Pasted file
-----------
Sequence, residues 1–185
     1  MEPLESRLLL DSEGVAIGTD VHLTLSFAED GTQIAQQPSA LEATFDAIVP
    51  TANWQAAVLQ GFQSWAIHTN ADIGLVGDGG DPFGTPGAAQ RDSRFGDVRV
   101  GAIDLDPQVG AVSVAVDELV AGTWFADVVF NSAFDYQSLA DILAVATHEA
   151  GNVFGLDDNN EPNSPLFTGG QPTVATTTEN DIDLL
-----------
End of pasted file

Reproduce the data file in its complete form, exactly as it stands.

Sequence, residues 1–185
     1  MEPLESRLLL DSEGVAIGTD VHLTLSFAED GTQIAQQPSA LEATFDAIVP
    51  TANWQAAVLQ GFQSWAIHTN ADIGLVGDGG DPFGTPGAAQ RDSRFGDVRV
   101  GAIDLDPQVG AVSVAVDELV AGTWFADVVF NSAFDYQSLA DILAVATHEA
   151  GNVFGLDDNN EPNSPLFTGG QPTVATTTEN DIDLL